Dental Evidence for Diets of Early Homo

Peter S. Ungar, Robert S. Scott

Research output: Chapter in Book/Report/Conference proceedingChapter

31 Scopus citations


The evolution of diet in the earliest members of our genus, Homo rudolfensis, H. habilis and H. erectus has received increased attention over the past few years (see Ungar et al., 2006a for review). Many models have been constructed, based largely on nutritional studies combined with direct analogy (with living peoples or non-human primates) or on contextual evidence, such as archeological and paleoenvi-ronmental indicators. These models suggest hypotheses, some of which can be tested with the fossil evidence for the hominins themselves. In this paper we review and evaluate some recent models for the dietary adaptations of early Homo. While there are real intractable limits to what we can learn, the dental remains of these hominins offer some clues to the diets of these species. Results of a recent study on molar occlusal functional morphology (Ungar, 2004) will be reviewed, along with results from a recent study of dental microwear of early Homo (Ungar et al., 2006b). In addition, new data on dental microwear textures for early Homo cheek teeth will be presented for comparison with results for extant primates and other fossil hominins.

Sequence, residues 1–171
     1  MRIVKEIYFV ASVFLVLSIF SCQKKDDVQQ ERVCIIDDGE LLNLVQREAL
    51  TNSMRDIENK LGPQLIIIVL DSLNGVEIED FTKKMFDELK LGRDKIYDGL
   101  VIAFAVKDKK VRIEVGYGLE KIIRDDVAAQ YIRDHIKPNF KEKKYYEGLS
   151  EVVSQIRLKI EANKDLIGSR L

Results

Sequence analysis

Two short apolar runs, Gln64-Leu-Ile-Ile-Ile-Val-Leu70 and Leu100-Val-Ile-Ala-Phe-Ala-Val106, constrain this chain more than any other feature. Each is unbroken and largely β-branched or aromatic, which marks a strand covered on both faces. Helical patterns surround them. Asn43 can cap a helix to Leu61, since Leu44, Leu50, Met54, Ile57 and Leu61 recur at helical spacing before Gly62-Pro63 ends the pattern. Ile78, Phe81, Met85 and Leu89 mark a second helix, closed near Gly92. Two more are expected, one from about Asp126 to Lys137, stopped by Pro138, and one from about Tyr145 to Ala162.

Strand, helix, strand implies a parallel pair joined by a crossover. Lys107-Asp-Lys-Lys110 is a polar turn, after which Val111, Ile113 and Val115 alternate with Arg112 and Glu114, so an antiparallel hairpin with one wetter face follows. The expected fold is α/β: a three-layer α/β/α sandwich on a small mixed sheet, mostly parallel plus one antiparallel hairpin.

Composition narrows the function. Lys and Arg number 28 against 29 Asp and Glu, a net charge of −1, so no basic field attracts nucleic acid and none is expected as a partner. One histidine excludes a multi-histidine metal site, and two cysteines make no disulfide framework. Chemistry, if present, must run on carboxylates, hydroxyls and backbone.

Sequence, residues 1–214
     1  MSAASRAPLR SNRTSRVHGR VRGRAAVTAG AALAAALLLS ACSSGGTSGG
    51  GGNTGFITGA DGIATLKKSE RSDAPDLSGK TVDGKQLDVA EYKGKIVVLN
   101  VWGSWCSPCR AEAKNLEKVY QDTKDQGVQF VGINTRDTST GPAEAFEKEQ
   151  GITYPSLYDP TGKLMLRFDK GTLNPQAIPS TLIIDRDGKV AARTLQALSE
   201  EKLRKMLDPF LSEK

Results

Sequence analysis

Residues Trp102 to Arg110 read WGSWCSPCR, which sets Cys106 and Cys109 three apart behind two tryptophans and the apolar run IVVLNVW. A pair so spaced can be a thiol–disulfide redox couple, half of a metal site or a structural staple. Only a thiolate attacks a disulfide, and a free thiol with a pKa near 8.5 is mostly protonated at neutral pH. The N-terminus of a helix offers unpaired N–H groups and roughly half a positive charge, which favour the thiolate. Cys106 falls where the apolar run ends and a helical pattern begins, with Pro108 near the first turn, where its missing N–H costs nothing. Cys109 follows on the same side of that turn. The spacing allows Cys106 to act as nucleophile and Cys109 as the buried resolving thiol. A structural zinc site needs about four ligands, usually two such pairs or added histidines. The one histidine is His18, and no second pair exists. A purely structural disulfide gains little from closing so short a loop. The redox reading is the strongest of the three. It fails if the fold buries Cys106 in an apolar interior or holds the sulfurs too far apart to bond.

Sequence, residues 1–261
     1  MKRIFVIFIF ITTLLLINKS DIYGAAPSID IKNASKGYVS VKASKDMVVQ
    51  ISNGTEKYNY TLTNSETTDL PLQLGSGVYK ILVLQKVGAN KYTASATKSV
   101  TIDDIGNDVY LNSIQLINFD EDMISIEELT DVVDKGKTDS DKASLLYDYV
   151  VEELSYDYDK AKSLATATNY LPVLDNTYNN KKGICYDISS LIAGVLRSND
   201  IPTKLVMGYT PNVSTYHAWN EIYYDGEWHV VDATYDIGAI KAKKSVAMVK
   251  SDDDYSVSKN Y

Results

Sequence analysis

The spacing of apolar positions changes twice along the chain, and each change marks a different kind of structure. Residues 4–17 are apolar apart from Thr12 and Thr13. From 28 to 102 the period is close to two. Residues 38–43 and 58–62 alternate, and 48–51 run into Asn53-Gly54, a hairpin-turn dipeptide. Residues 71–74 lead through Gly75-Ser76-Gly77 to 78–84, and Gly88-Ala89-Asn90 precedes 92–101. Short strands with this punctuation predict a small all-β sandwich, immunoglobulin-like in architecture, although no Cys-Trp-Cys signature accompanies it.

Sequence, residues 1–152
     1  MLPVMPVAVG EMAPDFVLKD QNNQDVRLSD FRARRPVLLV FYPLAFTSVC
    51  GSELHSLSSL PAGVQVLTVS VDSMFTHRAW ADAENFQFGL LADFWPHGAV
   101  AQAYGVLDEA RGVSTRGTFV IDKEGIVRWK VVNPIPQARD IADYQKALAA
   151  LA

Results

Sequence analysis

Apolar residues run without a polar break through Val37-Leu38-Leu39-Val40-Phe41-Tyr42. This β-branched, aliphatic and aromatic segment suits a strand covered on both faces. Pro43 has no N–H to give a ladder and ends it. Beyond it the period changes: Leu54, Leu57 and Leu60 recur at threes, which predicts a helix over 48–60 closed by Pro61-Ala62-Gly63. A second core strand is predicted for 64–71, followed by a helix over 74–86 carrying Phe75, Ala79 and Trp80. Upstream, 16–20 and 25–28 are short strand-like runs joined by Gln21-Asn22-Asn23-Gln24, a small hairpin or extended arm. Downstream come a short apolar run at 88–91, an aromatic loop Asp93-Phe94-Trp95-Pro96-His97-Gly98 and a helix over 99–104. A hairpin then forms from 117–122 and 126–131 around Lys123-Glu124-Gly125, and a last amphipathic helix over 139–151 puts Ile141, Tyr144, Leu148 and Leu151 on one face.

Original languageEnglish (US)
Title of host publicationVertebrate Paleobiology and Paleoanthropology
Number of pages14
StatePublished - 2009

Publication series

NameVertebrate Paleobiology and Paleoanthropology
ISSN (Print)1877-9077

All Science Journal Classification (ASJC) codes

  • Ecology, Evolution, Behavior and Systematics
  • Ecology
  • Palaeontology


  • Dental topographic analysis
  • Diet
  • Homo erectus
  • Homo habilis
  • Microweartexture analysis
  • Molars


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